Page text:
Jann Mardenborough: "I just want to go fast"

TG catches up with very fast gamer turned very fast racing driver

Jann Mardenborough is a top lad. He won Nissan’s GT Academy – where gamers are turned into proper racing drivers – when he was 19 years old. Now 26, he’s raced at Le Mans, in the British GT Championship and in Formula 3. Nowadays he lives in Japan. Last year he raced Super GT’s GT300 class and in Japan’s F3 series. This year he graduated to GT500 and Super Formula – bigger and more serious series by all accounts. We’ve followed his career from the start, so we popped up to Silverstone the other day for a catch-up.

TG: This year you’re racing in GT500 and Super Formula in Japan. How’s that going?

JM: GT500 cars are super cool, for one. This season so far hasn’t gone as I expected it to go. We haven’t been strong. It’s a combination of the tyre, the car and the setup not working. There are new rules this year, new regulations, and we just haven’t been as quick as we should have.

It’s a bit frustrating. We haven’t really got a good result yet - I can’t even remember the top result we’ve had. It’s nothing to write home about. I haven’t spoken about next year – but I’d like to think I’ll be driving again, and with all the preseason testing we’ll do well get back to where Impul and Calsonic should be. Fighting against Nismo, at the top, at the front.

Then Super Formula, the last round we didn’t do the correct strategy. It was a track called Sugo, it’s about a 90 minute race. We don’t need to change tyres because they last a whole race. But we did need to pit for fuel, but our calculations were completely wrong because two cars raced without a pit stop, just with fuel saving. We pitted too early in the race, which meant we came out behind everyone else and were in 15th/16th.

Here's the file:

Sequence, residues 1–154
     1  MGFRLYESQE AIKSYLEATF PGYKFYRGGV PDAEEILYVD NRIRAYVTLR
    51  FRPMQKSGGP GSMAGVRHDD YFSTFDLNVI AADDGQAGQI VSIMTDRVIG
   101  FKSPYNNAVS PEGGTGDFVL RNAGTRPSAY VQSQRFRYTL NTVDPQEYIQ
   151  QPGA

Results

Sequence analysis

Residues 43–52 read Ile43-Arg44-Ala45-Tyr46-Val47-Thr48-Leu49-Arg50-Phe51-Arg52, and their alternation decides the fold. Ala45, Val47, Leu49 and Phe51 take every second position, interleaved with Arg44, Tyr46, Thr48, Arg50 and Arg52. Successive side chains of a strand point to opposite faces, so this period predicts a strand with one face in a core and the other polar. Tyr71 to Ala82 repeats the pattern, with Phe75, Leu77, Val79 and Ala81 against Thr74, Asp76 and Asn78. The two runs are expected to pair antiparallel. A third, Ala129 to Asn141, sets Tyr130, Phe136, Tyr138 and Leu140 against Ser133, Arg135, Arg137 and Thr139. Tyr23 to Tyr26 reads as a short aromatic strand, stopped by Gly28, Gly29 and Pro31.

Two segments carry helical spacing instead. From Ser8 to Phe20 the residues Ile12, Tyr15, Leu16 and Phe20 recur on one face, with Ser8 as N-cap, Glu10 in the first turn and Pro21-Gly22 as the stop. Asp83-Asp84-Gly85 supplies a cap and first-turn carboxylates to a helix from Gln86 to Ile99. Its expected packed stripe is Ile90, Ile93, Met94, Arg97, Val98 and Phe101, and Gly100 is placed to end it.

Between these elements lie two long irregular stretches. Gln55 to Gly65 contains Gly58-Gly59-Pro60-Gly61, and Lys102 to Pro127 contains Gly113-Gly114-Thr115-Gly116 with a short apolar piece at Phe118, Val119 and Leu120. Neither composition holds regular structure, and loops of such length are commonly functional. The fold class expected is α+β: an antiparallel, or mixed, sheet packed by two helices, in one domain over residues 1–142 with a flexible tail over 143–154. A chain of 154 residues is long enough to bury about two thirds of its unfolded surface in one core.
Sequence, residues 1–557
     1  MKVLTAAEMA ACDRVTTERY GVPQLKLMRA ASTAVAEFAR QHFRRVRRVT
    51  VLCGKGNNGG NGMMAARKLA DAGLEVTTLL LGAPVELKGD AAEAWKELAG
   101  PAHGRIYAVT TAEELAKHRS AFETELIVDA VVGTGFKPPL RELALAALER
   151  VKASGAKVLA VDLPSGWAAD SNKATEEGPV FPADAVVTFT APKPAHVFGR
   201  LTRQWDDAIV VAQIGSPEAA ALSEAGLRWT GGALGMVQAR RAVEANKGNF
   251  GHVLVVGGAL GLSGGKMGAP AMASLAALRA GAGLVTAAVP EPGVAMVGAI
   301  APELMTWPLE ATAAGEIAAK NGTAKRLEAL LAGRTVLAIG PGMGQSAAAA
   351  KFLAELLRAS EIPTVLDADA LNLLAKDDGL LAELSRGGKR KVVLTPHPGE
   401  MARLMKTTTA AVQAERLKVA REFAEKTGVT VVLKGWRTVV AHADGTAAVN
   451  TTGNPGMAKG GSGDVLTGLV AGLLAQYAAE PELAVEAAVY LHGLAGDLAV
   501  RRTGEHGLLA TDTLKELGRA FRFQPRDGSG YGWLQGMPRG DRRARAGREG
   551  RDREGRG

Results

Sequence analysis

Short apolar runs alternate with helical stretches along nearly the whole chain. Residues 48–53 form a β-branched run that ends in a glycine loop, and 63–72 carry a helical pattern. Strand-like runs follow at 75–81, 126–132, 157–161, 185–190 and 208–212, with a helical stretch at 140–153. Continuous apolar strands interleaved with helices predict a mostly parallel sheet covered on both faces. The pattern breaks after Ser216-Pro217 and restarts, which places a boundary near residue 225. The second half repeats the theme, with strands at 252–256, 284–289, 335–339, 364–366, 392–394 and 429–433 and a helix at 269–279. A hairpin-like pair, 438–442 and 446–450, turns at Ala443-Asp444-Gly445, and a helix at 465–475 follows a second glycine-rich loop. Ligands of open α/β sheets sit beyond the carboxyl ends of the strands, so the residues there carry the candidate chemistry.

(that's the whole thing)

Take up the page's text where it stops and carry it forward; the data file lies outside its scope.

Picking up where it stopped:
It’s so hard to overtake anyway, and Sugo is just the most mad circuit ever. Gassly does the championship with me, and he said it’s the most crazy track he’s ever driven on.

TG: What do you prefer, GT or single-seaters?

JM: This year, the single-seater stuff. The car is in the window, it’s working. I prefer the racing in 500, but for one lap it’s the single-seater. It’s just unbelievable over one lap. Super Formula is the quickest single-seater bar F1.

TG: Last time we spoke, you said F1 was “the dream”. Is it still? 

JM: It will always be the ultimate goal. I want to drive an F1 car, I want to reach the top, but what I’m doing at the moment – I’m not blinkered. I’m in a very good position, getting paid to race cars. And I get to race a car which has a different engine in it in Super Formula. It’s a Toyota engine and Nissan has allowed me to do that, which is very rare. GT500 is the top, the fastest GT cars in the world. So I’m happy, but you can always be happier!

TG: What do you make of this year’s F1 season?

JM: Hamilton will get it. Last race [Singapore] was very exciting. It was raining! I was hyped – I was in Tokyo, and I rushed home that race-weekend to go and watch it at a reasonable time. I was like “this is going to be sick!”. Got all my food ready… And the start, just couldn’t believe it. I was like “no way!” Shouting at the TV! 

TG: Any plans to race more in the US/Europe?

JM: No plans, but – at the moment I love what I do, so championship-wise I want to keep doing that. But this year there have been gaps where I could have done races that I would have loved to do. One of them Daytona, Le Mans, the Spa 24hrs– I’d love to do it again. So there’s no plans, but if there was ever a gap I’d love the opportunity to do it. I want to drive as many cars and do as much driving as possible. I just want to go fast. I’d rather have a constant weekend’s racing, than fill it with training which isn’t as exciting.